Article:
Also in London, evangelist Billy Graham this date worried over the 100,000 seats of Wembley Stadium, before which he would address a crowd on Saturday night, beginning his seven-day religious revival in that locale, where the 1948 Olympic games had taken place. He told a news conference this date that he was not sure that enough Londoners would care to hear him and his message to warrant use of such a large venue. He said that the choice of Wembley had been an act of faith on the part of London churchmen who had invited him, but that he was not sure that he would have had that much faith had the decision been his alone. Rev. Graham had filled Wembley the one time he had preached there the previous year. He had completed his evangelistic crusade in Glasgow, and following the week-long crusade in London, would depart for Paris, where he would hold a crusade between June 5 and 9. About 150 British newspapermen and photographers had attended this date's press conference, at which Mr. Graham had dodged a number of questions, such as being asked whether members of the British royal family had been invited to hear him, to which he said he did not know, that such matters were handled by the London arrangements committee, and whether a Communist could be a Christian, indicating that such a question had never been posed to him previously and that the answer would require deep study and prayer. He was also asked whether he would accept an invitation which Hungarian churchmen were considering extending to him to preach behind the Iron Curtain, and replied that he would like to preach behind the Iron Curtain, but that the arrangements would have to be "suitable".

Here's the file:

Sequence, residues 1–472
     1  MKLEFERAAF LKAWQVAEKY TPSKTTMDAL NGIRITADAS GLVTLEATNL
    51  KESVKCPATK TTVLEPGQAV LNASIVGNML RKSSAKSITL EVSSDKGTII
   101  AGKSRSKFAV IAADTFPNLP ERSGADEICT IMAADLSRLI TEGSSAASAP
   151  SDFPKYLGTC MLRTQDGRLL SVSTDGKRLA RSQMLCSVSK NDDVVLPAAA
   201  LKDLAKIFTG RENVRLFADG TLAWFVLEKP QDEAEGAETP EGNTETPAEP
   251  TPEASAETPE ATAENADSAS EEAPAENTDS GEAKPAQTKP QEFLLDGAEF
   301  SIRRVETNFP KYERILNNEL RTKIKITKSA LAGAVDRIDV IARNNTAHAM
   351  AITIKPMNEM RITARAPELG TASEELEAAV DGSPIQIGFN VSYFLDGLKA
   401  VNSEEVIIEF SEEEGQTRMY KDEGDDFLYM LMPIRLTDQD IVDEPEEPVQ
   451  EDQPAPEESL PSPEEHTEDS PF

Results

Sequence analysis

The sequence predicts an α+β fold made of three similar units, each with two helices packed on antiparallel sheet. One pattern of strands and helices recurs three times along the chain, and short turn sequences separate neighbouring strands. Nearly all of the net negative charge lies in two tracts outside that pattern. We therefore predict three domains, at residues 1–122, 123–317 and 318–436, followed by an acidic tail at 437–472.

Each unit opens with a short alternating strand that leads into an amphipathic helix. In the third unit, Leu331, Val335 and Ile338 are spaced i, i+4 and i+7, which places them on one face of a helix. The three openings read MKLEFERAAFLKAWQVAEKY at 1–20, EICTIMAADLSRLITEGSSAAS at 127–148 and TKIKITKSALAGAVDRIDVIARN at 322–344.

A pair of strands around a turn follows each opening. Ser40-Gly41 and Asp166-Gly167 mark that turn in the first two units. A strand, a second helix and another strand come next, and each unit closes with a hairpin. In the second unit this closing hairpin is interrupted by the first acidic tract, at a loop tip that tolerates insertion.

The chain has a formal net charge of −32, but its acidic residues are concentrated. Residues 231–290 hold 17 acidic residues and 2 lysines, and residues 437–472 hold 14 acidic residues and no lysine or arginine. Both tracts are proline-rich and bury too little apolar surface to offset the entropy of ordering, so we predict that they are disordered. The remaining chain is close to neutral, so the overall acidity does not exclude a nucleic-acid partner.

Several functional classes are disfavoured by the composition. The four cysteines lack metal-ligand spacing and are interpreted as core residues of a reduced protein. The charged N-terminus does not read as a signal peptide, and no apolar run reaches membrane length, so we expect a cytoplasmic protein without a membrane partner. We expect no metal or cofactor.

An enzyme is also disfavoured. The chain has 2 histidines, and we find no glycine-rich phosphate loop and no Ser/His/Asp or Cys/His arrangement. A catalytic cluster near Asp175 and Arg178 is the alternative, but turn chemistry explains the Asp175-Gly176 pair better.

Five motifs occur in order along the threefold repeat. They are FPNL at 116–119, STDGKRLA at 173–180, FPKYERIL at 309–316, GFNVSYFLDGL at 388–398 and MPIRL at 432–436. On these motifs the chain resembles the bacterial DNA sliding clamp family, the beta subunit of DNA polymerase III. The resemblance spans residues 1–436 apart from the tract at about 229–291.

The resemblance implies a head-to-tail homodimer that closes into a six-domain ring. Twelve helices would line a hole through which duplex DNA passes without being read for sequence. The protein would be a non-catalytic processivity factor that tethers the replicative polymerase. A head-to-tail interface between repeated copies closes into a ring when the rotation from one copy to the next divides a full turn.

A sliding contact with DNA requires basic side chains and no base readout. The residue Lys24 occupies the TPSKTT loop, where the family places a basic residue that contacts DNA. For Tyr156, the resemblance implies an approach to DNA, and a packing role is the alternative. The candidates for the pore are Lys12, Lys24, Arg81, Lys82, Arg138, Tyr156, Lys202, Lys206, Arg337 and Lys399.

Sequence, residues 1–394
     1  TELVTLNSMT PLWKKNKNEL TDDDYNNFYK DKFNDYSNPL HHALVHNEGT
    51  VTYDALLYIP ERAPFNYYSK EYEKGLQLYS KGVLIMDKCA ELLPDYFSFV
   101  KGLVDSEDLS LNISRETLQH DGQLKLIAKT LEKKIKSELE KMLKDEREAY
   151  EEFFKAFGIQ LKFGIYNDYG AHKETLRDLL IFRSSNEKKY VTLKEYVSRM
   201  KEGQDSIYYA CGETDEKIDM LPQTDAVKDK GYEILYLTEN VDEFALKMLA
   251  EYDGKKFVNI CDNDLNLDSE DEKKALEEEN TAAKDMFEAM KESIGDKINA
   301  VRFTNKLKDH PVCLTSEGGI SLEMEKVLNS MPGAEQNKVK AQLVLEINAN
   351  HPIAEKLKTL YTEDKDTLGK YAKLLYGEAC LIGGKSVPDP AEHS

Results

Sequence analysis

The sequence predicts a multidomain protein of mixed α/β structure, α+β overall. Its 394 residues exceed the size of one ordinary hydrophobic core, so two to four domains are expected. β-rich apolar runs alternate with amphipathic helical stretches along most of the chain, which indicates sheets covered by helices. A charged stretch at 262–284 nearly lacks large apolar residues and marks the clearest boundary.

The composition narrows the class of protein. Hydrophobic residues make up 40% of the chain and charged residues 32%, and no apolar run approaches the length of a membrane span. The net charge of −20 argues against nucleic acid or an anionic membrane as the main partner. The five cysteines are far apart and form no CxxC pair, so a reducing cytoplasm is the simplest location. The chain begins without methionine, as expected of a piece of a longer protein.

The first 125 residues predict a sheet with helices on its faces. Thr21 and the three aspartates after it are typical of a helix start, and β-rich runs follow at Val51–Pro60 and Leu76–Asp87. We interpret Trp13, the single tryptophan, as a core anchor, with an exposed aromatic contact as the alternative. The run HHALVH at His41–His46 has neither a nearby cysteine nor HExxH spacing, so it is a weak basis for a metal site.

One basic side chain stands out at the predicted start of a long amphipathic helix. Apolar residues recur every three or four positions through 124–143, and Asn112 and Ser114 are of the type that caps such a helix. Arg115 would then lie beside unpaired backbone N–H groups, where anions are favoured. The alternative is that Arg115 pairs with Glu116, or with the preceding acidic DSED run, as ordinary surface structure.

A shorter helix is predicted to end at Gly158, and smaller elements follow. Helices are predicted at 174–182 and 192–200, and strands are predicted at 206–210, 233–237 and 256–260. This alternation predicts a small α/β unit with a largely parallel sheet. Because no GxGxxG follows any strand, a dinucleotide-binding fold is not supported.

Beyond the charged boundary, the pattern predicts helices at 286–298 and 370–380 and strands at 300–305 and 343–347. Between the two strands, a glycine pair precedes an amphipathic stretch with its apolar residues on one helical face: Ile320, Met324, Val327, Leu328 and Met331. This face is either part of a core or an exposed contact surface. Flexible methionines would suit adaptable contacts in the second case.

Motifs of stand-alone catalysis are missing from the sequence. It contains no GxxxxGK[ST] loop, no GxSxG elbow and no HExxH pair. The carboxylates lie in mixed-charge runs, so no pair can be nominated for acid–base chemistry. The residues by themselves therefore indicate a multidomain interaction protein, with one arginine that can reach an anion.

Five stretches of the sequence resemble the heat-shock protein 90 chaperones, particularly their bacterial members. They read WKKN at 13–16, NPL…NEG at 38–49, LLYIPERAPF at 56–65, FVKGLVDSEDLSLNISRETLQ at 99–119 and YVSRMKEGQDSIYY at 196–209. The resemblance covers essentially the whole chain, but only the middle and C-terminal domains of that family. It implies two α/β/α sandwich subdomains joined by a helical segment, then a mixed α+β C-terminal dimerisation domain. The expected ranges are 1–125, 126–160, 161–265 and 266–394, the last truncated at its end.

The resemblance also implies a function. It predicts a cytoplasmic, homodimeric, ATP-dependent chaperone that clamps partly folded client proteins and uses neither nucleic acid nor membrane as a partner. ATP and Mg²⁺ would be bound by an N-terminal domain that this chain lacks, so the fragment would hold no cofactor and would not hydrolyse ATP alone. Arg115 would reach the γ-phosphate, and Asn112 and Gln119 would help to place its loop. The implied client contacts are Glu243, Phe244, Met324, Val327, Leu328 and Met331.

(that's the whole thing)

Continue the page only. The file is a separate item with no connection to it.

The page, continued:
In Washington, Supreme Court Chief Justice Earl Warren this date granted bail of $35,000 to Junius Scales, chairman of the Communist Party for the Carolinas district, who had been convicted the prior month in Federal District Court in Greensboro of violating the Smith Act for being a member of an organization which he knew taught and advocated overthrow of the Government by force or violence. The Chief Justice decided to grant bail pending the appeal of the conviction, after the Justice Department had conceded that the issues involved were substantial and had not been passed on previously by the Supreme Court or any of the Circuit Courts of Appeal. Previously, the District Court Judge, at the point of sentencing of Mr. Scales to six years in prison, had denied the request for bail pending appeal. As indicated, the conviction would be reversed by the Supreme Court in 1957 on the basis of a prior Supreme Court ruling regarding the necessity of turning over to the defendant reports and statements made to the Government by paid informants. After that reversal, Mr. Scales would be tried again and again found guilty and sentenced to six years in prison, after which his conviction would be affirmed by the Supreme Court in 1961, but after serving about 15 months of his sentence, would have it commuted in December, 1962 by President Kennedy to time served.